Cold Chisel Cold Chisel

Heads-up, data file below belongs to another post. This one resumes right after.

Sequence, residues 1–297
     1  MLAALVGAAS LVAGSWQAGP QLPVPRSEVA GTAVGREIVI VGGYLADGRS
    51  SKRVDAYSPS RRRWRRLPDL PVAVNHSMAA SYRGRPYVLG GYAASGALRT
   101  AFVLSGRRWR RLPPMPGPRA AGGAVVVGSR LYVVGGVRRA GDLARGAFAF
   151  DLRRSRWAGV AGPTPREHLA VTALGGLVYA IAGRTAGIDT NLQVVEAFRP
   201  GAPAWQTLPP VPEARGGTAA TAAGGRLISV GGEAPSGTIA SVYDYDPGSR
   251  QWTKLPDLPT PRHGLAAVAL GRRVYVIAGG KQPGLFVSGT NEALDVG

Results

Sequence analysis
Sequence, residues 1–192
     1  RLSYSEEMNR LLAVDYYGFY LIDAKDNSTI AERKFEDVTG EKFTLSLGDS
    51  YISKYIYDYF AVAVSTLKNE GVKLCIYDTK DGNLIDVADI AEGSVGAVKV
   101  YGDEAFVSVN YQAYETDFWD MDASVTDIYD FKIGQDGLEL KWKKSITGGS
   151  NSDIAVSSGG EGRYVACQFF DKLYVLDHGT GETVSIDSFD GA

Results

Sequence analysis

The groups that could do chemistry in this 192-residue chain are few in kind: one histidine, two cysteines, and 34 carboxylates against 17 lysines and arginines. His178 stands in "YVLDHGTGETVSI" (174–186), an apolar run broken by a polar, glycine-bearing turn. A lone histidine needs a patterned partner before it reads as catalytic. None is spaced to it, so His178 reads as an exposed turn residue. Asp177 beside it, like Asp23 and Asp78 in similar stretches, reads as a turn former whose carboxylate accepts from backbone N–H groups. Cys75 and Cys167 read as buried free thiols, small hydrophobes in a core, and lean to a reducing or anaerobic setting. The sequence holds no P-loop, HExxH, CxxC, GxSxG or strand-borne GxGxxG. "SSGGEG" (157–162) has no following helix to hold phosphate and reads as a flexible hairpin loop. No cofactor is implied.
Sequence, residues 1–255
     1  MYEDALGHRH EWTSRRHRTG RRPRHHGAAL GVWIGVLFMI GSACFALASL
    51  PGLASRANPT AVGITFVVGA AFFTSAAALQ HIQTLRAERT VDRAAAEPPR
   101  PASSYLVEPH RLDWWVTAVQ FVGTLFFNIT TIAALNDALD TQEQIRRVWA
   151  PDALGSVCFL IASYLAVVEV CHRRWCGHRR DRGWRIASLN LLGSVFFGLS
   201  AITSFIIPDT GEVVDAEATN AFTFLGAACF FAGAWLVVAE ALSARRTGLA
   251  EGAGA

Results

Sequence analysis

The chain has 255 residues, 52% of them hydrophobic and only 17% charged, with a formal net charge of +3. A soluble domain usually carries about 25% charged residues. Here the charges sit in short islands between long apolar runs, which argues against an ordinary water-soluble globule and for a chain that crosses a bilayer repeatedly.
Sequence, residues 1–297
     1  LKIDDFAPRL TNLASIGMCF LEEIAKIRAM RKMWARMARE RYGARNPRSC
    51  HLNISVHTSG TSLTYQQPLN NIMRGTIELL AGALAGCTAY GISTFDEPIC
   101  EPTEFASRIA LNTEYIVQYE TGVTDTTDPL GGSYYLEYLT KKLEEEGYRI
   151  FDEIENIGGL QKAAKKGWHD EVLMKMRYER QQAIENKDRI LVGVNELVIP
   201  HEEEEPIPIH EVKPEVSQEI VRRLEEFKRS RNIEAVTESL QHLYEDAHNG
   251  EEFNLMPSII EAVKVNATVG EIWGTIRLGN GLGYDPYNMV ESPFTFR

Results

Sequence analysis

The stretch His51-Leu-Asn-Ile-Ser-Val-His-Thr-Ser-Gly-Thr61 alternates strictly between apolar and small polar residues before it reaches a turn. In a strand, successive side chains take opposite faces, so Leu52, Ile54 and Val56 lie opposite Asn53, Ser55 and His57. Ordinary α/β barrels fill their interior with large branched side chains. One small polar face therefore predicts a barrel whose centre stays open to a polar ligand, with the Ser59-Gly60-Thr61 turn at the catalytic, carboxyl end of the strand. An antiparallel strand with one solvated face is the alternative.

Released in April 1978, this first album is Cold Chisel at their most raw and elemental. Cold Chisel self-titled debut was incubated over five years playing pubs and dives all over the country. Formed in Adelaide in 1973, Cold Chisel enjoyed their status as outsiders and prided themselves on having the toughest sound in the country – Jimmy Barnes’ raw vocals, Ian Moss’ liquid guitar and the blend of their voices fitted perfectly with Don Walker’s completely original style of writing unadorned real stories. The rhythm section of Phil Small and Steve Prestwich held the band together over any terrain: Flat chat rock & roll with “Home and Broken Hearted”, slow burning blues with “One Long Day”. But the centerpiece of the album is “Khe Sanh”, a song about a disillusioned Vietnam vet that connected with almost every single Australian. Banned by the censors, the single nonetheless reached #41 on the charts on release and then reentered the charts 33 years later at #40. “Khe Sanh” was the anthem of the Australian cricket team and is one of the most popular Australian songs of all time.